Research estimates suggest that approximately 19% of the population over the age of 75 years are blind or partially sighted (Evans JR, 2002). As the population is projected to increase, with a larger proportion over the age of 65 years this will mean that a greater number of York residents will experience these conditions.
In the UK there are five leading causes of blindness and partial sight. These are age-related macular degeneration, diabetic retinopathy, glaucoma, cataracts and refractive error (RNIB, 2009).
In the Public Health Outcomes Framework there are 4 measures concerning eye health; they cover 3 conditions deemed to be preventable to some extent and rate of blindness as recorded by Certification of Visual Impairment (CVI). The first data to be collated is from 2011/2012 and serves as a baseline.
Crude rates of conditions giving rise to preventable sight loss in York, Yorkshire and the Humber and England are shown in the below table.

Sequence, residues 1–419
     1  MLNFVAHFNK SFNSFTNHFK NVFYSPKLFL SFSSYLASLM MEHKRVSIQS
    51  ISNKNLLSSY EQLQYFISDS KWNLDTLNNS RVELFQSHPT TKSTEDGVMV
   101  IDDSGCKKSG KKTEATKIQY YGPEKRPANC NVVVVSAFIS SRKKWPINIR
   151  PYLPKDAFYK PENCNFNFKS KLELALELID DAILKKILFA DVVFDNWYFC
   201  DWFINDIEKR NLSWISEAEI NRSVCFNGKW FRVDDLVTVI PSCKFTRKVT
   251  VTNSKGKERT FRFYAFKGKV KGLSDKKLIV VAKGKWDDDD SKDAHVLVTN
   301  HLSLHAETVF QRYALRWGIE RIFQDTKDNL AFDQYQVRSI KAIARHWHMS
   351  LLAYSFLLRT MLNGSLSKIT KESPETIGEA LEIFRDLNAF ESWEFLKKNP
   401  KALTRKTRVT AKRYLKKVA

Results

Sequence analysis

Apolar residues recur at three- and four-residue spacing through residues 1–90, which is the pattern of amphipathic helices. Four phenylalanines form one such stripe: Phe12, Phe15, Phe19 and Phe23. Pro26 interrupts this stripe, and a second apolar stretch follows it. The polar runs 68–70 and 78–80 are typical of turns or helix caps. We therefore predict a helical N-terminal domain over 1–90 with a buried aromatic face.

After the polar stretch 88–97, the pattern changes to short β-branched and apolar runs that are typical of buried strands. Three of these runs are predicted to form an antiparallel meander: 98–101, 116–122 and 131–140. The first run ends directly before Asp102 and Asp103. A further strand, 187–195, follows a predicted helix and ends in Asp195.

|Indicator||York||Yorkshire & Humber||England|
|Preventable sight loss Age-related Macular Degeneration, crude rate per 100,000 people aged 65 and over||130.6||133.9||110.5|
|Preventable sight loss due to glaucoma, crude rate per 100,000 people aged 40 and over||13.6||19.7||12.8|
|Preventable sight loss due to Diabetic Retinopathy, crude rate per 100,000 people aged 12 and over||-||6.5||3.8|
|Preventable sight loss – sight loss certifications (CVI) per 100,000 population||47.5||63||44.5|
York is similar to England for all of these measures, i.e. not significantly different, although the higher rate of Age-related Macular Degeneration in the Yorkshire and Humber region including City of York, is perhaps worthy of further investigation.
Many of these conditions are associated with existing risk factors for poor health which can be improved, including stopping smoking, reducing obesity and increasing physical activity; however some of the conditions are associated with a family history of the condition, or environmental factors.
Given the projections with regard to our ageing population, and the increase in prevalence of these conditions with increasing age, it is important that individuals attend for regular eye examinations to identify these conditions early enough for potential interventions to be initiated.